Photo/Illutration Shinjuku Playland Carnival, a long-established game arcade in Tokyo’s Kabukicho district, in late November, shortly before it closed for good. The arcade boasted a variety of game titles from the 1990s. (Ryo Oyama)

Coins clinked and clattered as they dropped in Japanese medal games. Loud music and sound effects blared from rows of video game cabinets.

And if you could hear past all that, you might even catch some gamers letting out sighs and faint cries of frustration after failing to win prizes from the ever-challenging crane games.

It was one of the last days that Shinjuku Playland Carnival was open in November before the beloved arcade in Tokyo’s Kabukicho district closed after nearly 50 years in business.

Described by regulars as a “sacred place” for gamers in the capital, it had to finally shut its doors on Nov. 29 as its customer base dwindled amid the COVID-19 pandemic, according to the operator, Joypack Leisure Co., based in Tokyo’s Shibuya Ward.

“Business was tough, but I had thought we could get out of this someday,” said Noriyuki Shimoda, 42, who became the manager of the arcade in 2015. “I can’t find the words to describe my feelings.”

The outlet originally opened as Casino Game Las Vegas in 1972 and switched over to the arcade game business in 1993. It crammed more than 400 game machines into the roughly 1,500-square-meter two-floor space, making it one of the largest arcades in the area.

The arcade offered the latest game titles along with a variety of classics, including many fighting games popular in the 1990s. It entertained a wide range of customers, from skilled gamers to families and couples, and adults who stopped in for a quick game or two before heading off to drinking parties.

At its peak, it drew in more than 5,000 gamers a day, the operator said.

While arcades here have outlasted their counterparts in other countries, they have long been losing customers from the spread of game consoles, online gaming trends and the rise of smartphone games.

Despite all that, Shinjuku Playland Carnival was performing strongly thanks to its popularity among foreign tourists to Japan in recent years, according to the operator.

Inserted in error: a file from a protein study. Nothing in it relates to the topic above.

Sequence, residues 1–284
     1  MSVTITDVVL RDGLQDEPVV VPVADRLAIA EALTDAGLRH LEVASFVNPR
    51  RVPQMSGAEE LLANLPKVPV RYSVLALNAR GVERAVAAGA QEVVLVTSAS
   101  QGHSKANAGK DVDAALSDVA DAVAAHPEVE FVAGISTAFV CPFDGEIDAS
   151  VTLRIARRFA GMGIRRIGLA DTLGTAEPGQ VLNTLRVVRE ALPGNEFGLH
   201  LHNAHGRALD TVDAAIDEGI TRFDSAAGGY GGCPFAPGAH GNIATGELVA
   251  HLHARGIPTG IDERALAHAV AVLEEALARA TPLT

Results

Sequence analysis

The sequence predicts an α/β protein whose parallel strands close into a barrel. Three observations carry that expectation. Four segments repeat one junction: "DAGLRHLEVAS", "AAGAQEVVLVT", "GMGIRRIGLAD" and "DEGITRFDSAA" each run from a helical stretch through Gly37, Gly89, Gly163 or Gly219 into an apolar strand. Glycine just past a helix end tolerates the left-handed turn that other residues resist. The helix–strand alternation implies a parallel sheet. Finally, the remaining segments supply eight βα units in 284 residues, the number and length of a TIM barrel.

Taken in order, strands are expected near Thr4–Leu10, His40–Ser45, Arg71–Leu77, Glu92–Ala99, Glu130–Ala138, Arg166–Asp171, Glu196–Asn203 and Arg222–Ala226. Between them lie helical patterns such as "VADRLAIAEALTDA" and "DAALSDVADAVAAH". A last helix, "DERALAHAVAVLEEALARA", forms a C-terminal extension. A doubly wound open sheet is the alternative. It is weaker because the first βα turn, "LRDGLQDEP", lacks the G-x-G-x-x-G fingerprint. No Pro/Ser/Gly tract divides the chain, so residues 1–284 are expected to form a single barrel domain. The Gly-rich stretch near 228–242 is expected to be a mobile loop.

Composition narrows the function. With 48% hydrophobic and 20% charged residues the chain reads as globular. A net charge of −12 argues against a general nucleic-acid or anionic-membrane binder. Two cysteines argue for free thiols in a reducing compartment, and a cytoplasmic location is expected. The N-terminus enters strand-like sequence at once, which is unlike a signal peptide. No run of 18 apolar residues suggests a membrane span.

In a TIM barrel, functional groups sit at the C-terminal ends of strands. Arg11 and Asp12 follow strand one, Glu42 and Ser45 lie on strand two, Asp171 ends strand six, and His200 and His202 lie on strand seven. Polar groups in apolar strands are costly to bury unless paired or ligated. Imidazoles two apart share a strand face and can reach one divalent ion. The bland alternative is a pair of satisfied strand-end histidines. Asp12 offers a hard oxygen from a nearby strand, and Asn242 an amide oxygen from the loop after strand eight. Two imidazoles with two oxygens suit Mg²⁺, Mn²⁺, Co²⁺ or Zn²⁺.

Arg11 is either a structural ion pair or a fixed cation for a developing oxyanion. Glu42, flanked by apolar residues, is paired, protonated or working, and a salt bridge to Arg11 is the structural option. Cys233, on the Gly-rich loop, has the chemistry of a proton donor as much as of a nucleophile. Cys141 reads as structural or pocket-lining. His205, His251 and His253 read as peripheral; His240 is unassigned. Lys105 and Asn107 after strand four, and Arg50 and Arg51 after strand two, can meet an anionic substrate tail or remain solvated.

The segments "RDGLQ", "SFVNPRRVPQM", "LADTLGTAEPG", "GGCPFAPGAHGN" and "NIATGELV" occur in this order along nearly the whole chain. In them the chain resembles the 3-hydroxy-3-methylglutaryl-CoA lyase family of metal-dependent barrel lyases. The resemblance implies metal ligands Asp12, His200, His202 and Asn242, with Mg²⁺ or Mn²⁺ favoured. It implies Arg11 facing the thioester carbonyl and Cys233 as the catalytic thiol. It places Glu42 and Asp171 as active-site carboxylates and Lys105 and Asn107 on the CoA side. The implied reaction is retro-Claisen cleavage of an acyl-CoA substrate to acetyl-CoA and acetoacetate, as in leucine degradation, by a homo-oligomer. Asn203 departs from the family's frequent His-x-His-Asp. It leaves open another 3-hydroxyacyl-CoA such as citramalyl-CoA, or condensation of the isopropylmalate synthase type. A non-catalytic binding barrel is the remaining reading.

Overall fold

But things took a turn for the worse amid the pandemic as many people refrained from going out and foreign tourism dried up.

Shinjuku Playland Carnival resumed operations after temporarily closing between April and June, but it never really bounced back.

The number of customers hovered around only 40 percent of a normal year.

Naoto Ishimura, 34, who lives in Tokyo’s Nakano Ward, visited the outlet a week before it closed to say goodbye and express his gratitude.

He has been a regular there for nearly a decade and, at one time, played games there almost every day after work.

“It was a wonderful, gamer-friendly arcade,” he said.

The outlet would change the layout of game machines and make other arrangements at the request of customers when they used the place to host game events, Ishimura said.

It is one of the latest to close amid the pandemic, which has brought about a wave of arcade closures in the capital.

In Akihabara, a gaming haven where arcades make up part of the character and charm of the area, the iconic Sega Akihabara 2nd and Adores Akihabara closed their doors in August and November, respectively. Game Spot 21, a well-known arcade near the west exit of Shinjuku Station, plans to close in January.

A 38-year-old resident of Tokyo’s Katsushika Ward said he played arcade games regularly for 20 years and even met his wife at one.

He used to frequent one outlet in Akihabara, but its operator went bankrupt in March after earnings plunged from the pandemic.

“For me, game arcades are not just a place for playing games,” the man said. “It’s unavoidable, but I am sorry to lose places like these where we can interact with each other in person.”

After Shinjuku Playland Carnival announced its closure, many gamers posted messages online harkening back to the good times they had there.

“The place was filled with emotions,” Shimoda said a week before closure. “Many people told us that they miss our arcade. I again realized how much it has been loved.”